“Working at the Office of Multicultural Affairs has enabled me to give countless presentations on social justice, cultural competency and inclusive language,” London said. “This experience is particularly meaningful because it allowed me to not only address a gap in education students often do not receive in the classroom, but it also allowed me to help fellow Jayhawks access the tools needed to build more equitable spaces across an often exclusive campus.”


Burgweger Honored as Outstanding Graduating Senior

Global Scholar Rebekah Burgweger received the Ethan P. Allen Pi Sigma Alpha Award, which honors an outstanding graduating senior majoring in political science. Burgweger double-majored in history and political science with a minor in Middle East studies at KU. Her capstone research, which she presented at the 2018 Global Scholars Symposium, focused on how the Islamic State (IS) uses propaganda to complement its real-world strategy. By employing rhetoric designed to target sympathizers, IS uses propaganda to complement the group’s real-world strategy. Analyzing the changing IS media tactics in conjunction with real-world events over the last three years may reveal how propaganda links with the group’s overall strategy. Few scholars have explored how propaganda interlinks with IS real-world strategy. She collected data from the official IS magazines, Dabiq and Rumiyah, and analyzed them prior to contextualizing the results within real-world events. Understanding how IS propaganda reflects the group’s strategies may help scholars gain a deeper understanding of the terrorist group’s goals.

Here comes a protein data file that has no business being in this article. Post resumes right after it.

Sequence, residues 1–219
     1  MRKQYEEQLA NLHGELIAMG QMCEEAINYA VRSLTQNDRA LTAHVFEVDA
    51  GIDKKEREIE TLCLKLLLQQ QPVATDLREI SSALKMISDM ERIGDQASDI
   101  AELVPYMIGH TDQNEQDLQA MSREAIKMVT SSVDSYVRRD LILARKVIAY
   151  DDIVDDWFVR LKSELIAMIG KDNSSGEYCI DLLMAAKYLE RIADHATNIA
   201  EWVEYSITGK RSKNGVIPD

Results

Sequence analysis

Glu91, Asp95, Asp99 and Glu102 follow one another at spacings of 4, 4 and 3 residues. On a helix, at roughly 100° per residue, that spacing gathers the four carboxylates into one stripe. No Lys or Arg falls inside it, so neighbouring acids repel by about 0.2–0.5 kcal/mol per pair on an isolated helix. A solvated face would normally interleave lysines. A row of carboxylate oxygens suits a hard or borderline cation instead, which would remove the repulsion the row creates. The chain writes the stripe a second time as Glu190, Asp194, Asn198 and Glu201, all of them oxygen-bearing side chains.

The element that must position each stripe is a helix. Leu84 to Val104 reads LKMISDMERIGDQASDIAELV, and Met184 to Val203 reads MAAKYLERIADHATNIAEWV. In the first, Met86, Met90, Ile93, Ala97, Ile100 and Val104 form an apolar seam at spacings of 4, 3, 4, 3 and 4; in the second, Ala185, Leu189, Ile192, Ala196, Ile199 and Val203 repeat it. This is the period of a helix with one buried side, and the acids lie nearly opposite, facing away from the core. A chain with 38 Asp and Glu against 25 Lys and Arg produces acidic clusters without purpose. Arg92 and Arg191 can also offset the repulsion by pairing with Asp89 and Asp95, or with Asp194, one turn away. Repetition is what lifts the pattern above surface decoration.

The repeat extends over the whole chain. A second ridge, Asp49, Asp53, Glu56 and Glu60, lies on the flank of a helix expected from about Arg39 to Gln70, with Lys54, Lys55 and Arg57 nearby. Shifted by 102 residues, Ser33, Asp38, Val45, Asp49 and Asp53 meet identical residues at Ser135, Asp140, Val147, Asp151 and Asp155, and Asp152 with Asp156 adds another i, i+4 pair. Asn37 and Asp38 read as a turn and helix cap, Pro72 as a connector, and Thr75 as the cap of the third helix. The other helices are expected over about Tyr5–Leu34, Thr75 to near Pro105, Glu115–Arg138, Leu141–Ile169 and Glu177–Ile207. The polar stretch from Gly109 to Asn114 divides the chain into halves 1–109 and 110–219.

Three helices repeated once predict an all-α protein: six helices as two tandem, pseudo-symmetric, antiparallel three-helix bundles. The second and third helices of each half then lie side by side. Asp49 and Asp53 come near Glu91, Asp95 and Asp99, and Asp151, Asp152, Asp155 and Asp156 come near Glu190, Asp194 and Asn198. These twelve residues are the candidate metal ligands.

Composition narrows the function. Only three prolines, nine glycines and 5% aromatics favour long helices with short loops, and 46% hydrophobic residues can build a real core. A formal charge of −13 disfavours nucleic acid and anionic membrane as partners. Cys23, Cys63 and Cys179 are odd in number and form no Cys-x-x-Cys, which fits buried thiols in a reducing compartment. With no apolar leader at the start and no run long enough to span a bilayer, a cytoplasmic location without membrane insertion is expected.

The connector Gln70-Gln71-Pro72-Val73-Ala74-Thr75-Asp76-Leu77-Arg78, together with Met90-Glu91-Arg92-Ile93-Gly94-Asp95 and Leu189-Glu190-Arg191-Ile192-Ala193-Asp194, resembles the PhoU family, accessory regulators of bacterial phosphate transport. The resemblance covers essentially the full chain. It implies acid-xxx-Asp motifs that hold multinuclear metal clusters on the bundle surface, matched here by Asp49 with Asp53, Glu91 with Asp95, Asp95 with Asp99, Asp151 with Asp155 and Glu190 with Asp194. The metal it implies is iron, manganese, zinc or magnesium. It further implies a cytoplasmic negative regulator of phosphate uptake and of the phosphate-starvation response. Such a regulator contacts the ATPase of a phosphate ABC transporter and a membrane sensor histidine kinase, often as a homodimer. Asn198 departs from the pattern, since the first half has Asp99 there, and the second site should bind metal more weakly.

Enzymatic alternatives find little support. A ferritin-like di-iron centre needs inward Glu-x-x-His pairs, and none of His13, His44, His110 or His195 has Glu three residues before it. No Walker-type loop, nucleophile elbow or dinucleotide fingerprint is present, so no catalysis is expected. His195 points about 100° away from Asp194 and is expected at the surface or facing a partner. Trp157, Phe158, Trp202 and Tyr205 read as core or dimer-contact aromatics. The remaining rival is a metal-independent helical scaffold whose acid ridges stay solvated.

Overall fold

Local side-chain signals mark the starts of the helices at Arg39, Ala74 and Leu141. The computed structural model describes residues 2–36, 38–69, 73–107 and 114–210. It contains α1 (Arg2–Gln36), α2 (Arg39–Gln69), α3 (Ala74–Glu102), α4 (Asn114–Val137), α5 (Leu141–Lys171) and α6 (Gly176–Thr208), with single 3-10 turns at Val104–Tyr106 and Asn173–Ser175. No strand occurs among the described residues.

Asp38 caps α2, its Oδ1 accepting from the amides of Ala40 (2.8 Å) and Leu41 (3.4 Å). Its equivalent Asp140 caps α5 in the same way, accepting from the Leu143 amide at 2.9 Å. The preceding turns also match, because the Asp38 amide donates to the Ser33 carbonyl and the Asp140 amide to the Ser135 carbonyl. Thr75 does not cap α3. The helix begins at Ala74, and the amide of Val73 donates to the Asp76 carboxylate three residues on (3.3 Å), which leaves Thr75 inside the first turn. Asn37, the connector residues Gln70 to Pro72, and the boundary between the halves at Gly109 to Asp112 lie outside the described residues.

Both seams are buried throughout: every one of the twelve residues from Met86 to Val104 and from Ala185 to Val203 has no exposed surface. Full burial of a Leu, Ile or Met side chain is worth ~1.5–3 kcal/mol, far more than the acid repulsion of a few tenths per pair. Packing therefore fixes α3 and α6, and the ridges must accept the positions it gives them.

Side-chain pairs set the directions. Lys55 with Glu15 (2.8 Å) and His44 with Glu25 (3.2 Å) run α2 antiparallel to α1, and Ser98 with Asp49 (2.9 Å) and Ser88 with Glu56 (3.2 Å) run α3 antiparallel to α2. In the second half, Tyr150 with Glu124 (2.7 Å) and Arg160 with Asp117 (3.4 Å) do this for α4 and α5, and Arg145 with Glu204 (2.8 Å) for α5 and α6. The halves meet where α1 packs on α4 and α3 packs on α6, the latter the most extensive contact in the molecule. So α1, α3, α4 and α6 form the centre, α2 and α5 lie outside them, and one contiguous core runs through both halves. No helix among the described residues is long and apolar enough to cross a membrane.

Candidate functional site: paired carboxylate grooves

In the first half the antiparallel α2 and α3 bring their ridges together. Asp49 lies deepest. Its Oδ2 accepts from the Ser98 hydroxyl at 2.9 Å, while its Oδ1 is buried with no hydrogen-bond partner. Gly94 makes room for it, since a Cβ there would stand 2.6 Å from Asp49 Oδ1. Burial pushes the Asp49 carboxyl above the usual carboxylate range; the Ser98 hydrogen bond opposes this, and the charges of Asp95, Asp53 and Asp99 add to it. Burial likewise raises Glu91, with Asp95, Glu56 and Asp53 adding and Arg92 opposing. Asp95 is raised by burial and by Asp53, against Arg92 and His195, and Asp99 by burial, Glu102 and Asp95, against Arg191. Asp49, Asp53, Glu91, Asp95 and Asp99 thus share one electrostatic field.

Burgweger will be attending Georgetown University this fall to begin graduate work in Security Studies, Terrorism and Substate Violence.


2018 Global Scholars Symposium

Faculty mentors, International Programs Advisory Board members, family, friends, and members from all three current cohorts of Global Scholars filled Alderson Auditorium during the Global Scholars Symposium on Saturday, April 7. The Symposium showcased research on topics including Belgium’s underground press during World War I, how fire affects soil fungal communities, and refugee integration programs in liberal welfare nations. “Most of our scholars conduct their research within the context of their majors, and we are delighted that our scholars are able to find compelling ways to meld their interest in the world with the requirements of their degrees,” said Professor Megan Greene, director of Global Scholars and faculty programs in International Programs.

The 2016 cohort participated in the seminar course, "From the Social to the Global: Seeing the World through Flamenco and Latin Popular Dance.” Professor Michelle Heffner Hayes led students in the examination of culture, gender, class, and other global issues. Scholars developed an internationally focused undergraduate research proposal, strengthening their critical thinking and research skills.

The class met twice a week: once for readings and discussion and once for dancing. The Scholars followed their seminar with a study abroad program and faculty-mentored research. Scholars received a $1,000 scholarship toward a KU-approved, credit bearing program. For many, their study abroad experience profoundly influenced their research.

The Global Scholar presenters, majors, study abroad countries and their faculty mentors:

  • Elise Arney, finance and Spanish; Spain; John Hedemen, director of the KU Business Leadership Program and Business Honors Program
  • Zaara Baig, biology and Spanish; Spain; Lena Roesner, graduate teaching assistant in Germanic languages & literatures